Meddle not in the affairs of dragons, for you are crunchy, and taste good with ketchup.
Terry
overlander63 is offline   Reply With Quote
Old 03-26-2009, 10:18 AM   #22
Rivet Master
 
Sugarfoot's Avatar
 
1960 24' Tradewind
1956 30' Sovereign of the Road
1963 16' Bambi
Southeastern Area , Tennessee
Join Date: Jul 2006
Posts: 2,115
You Go, Girl!

Hi Jolttx and welcome to the wonderful life of Airstreaming. Everything thing said on this thread is true and good advice. Confidence and commone sense really is key.

The first time you go out in your Airstream go close to home. Get comfortable with the process of handling a trailer. Venture out further as you become more comfortable with hitching, backing, camp setup and breakdown. The confidence you show in managing your Airstream will add to the "I am not a victim" image you need to portray. Camping with other Airstreamers can also do wonders for your confidence. Take in a rally or two before you hit the road on your own.

Whirlaway is so right about "listening to the voices". That inner voice is right more often than not. Listen to it and do what you must.
__________________
Traveling With Elvis
life with a 1956 Sovereign of the Road

Aluminocentricity
Sugarfoot is offline   Reply With Quote
Old 03-28-2009, 05:54 PM   #23
1972 Travelux Princess 25
 
Cobourg , Ontario
Join Date: Oct 2008
Posts: 1,042
Thrift stores are good places to buy well worn boots, hard hats, or jackets cheap. If you want to be seen wearing your "husband's" football team jacket thrown over your shoulders when doing chores.
__________________
Living in the trailer park of sense, looking out the window at a tornado of stupidity.
Ganaraska is offline   Reply With Quote
Old 03-28-2009, 06:46 PM   #24
Rivet Master
 
wheel interested's Avatar
 
2007 23' International CCD
Lapeer , Michigan
Join Date: Oct 2003
Posts: 7,039
I feel very secure in the Airstream. I have traveled alone cross country and stayed on the road at rest stops and travel centers and if it doesn't feel right I just move on. Surprising how much more awake you feel after a brush with imagination or woman's intuition.

I actually don't think this is a gender or single predictament. We all need to be aware and be cautious as we negotiate our way. Crime and violence unfortunatelty strikes at random but we can be cognizant of our surroundings and move with determination and purpose and concentrate on making ourselves less of an easy perceived mark.

I like to not be one of two anywhere. I look to surround myself with a cross section of others and count on good samaritans and witnesses to stave off crimes of opportunity and I do not stop at isolated areas. I think urban areas are a bigger threat than rural areas and that may or may not have reality as a basis. However living in urban areas all my life I think crime is much higher there with the population and intercity challenges that exist therein.

It actually is an interesting topic that I have often wondered about even before setting out to travel on my own often times. If I am the dissimilar occupant or traveler am I the obvious choice of election of crime? Are the risks higher when you remove yourself from your usual environment?

I think of risks mainly in terms of unforseeable occurances, wrong place wrong time, and do my best to not look like an easy target. A barking dog is reassuring to me as an indicator of unseen visitors and the announcement of their approach.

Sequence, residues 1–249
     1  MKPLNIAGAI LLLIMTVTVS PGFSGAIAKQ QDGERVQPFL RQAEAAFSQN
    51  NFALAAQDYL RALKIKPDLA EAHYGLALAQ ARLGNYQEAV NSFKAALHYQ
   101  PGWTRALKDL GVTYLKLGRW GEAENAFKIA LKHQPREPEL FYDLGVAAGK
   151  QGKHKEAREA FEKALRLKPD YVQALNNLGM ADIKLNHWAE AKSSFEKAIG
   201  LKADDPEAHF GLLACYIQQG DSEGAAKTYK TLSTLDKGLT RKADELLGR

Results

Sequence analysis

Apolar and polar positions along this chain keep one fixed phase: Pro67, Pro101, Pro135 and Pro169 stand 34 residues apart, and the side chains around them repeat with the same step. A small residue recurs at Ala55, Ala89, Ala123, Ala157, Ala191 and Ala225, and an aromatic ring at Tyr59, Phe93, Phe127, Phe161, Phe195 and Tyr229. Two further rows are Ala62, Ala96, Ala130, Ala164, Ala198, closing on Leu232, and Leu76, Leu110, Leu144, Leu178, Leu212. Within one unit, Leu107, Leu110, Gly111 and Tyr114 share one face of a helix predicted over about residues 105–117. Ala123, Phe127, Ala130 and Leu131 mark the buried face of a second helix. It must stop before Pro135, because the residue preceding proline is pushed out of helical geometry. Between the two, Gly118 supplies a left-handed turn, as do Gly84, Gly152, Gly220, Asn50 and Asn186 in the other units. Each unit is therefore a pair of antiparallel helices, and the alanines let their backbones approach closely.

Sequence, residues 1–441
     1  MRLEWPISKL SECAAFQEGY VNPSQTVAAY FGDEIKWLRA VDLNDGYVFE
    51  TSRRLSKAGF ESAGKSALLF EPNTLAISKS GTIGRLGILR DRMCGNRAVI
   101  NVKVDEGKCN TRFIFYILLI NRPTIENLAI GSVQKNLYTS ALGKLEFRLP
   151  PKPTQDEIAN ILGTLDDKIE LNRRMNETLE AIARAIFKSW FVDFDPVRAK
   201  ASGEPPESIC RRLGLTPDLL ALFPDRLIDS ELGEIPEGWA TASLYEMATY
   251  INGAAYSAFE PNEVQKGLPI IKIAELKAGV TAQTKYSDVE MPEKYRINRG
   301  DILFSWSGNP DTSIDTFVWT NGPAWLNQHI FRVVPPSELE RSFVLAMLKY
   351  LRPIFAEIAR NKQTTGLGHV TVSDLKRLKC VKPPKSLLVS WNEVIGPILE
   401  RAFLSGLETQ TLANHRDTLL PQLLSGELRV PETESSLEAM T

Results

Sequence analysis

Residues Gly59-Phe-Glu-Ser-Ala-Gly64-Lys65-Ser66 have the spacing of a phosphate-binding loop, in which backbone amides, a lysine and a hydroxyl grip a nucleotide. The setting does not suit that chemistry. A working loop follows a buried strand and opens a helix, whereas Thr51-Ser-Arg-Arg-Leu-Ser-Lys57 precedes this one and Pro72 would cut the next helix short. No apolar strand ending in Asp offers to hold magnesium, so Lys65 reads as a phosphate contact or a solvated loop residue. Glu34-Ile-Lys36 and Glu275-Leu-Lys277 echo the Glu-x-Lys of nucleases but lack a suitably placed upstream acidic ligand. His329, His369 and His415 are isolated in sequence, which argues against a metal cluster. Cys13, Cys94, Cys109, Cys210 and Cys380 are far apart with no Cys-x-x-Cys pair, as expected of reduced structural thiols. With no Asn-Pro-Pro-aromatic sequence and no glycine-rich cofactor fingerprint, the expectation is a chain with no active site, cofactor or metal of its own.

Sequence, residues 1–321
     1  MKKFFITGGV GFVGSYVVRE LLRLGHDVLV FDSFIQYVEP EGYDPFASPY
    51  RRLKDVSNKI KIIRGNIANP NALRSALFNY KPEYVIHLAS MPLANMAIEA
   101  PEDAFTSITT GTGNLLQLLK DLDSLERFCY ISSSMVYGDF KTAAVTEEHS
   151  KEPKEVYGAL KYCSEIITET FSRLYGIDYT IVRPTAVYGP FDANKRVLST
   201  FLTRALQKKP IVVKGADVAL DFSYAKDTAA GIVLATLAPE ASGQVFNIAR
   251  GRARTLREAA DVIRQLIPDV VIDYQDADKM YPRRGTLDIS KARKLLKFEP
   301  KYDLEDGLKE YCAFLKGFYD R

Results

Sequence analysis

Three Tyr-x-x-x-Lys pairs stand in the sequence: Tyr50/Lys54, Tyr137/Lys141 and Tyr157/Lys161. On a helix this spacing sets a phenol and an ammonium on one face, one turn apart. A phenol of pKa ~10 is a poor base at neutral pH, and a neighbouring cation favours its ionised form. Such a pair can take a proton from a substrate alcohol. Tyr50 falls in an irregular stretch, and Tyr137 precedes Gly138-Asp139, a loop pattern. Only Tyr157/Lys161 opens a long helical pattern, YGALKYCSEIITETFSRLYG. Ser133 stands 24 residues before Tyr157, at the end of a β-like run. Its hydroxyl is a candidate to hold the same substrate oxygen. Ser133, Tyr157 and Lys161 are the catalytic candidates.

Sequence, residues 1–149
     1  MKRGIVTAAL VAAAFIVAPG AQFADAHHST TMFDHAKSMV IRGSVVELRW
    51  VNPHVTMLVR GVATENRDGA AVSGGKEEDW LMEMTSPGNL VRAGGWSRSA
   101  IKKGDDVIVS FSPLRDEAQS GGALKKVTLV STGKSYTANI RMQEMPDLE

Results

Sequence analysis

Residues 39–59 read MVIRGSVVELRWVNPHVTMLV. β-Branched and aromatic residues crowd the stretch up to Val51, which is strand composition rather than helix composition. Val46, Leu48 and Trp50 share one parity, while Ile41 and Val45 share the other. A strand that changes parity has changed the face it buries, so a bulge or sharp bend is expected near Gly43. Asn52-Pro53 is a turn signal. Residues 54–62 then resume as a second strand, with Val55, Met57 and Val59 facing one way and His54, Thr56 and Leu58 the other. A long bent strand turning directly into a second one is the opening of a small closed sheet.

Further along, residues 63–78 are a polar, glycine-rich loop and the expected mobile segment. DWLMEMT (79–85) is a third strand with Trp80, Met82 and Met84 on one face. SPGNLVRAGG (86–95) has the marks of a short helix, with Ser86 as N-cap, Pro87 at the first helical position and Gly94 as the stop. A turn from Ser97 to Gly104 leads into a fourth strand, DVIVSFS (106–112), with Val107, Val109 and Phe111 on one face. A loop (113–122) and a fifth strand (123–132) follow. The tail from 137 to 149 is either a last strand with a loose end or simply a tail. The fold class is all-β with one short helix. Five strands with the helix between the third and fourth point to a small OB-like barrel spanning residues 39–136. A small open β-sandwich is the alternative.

I don't travel with a weapon but others don't know that. Heck, I squirt myself in the eye with hair spray! Keeping distance is my number one defense and actually my plan of escape. We have only been a cat owner for a couple of years but travel has been going OK. A collar and lead even inside the trailer has come in handy. We have chased over creation otherwise. I have let him roam free when we are not leaving soon after.

Campgrounds themselves are much safer than hotels or motels, I think.
__________________
Caroljb



photography
wheel interested is offline   Reply With Quote
Old 03-28-2009, 08:27 PM   #25
3 Rivet Member
 
Currently Looking...
Cincinnati , Ohio
Join Date: Sep 2008
Posts: 131
I would consider a self-defense class. There are classes available for women only.

I'm a big guy, in construction, and rather scary looking. (Size 12 foot) I've had many women (alone) come right up to me to ask about my Airstream when I'm walking to the laundry or such. I believe the campground is probably one of the safest places you could ever be.

Woody
__________________

__________________
Woody.303 is offline   Reply With Quote
Reply

Tags
safety, single, fulltiming


Currently Active Users Viewing This Thread: 1 (0 members and 1 guests)
 
Thread Tools Search this Thread
Search this Thread:

Advanced Search
Display Modes

Posting Rules
You may not post new threads
You may not post replies
You may not post attachments
You may not edit your posts

BB code is On
Smilies are On
[IMG] code is On
HTML code is Off
Trackbacks are Off
Pingbacks are Off
Refbacks are Off


Similar Threads
Thread Thread Starter Forum Replies Last Post
Home RV pad with hookups considerations? aomastu Full-Timing, Winter Living & Workamping 21 01-11-2017 04:03 PM
Considerations when buying an Airstream mello mike Buyer Guidelines 42 09-05-2007 12:49 PM
Women with Power Tools!! jordandvm General Interior Topics 1 11-07-2005 11:18 PM
women buying A/S... alt Our Community 33 09-12-2004 08:28 AM
Route Considerations - International in Vermont overlander64 On The Road... 6 06-22-2003 08:15 PM


Virginia Campgrounds

Reviews provided by




Copyright 2002- Social Knowledge, LLC All Rights Reserved.

All times are GMT -6. The time now is 04:31 PM.


Powered by vBulletin® Version 3.8.8 Beta 1
Copyright ©2000 - 2017, Jelsoft Enterprises Ltd.

Airstream is a registered trademark of Airstream Inc. All rights reserved. Airstream trademark used under license to Social Knowledge LLC.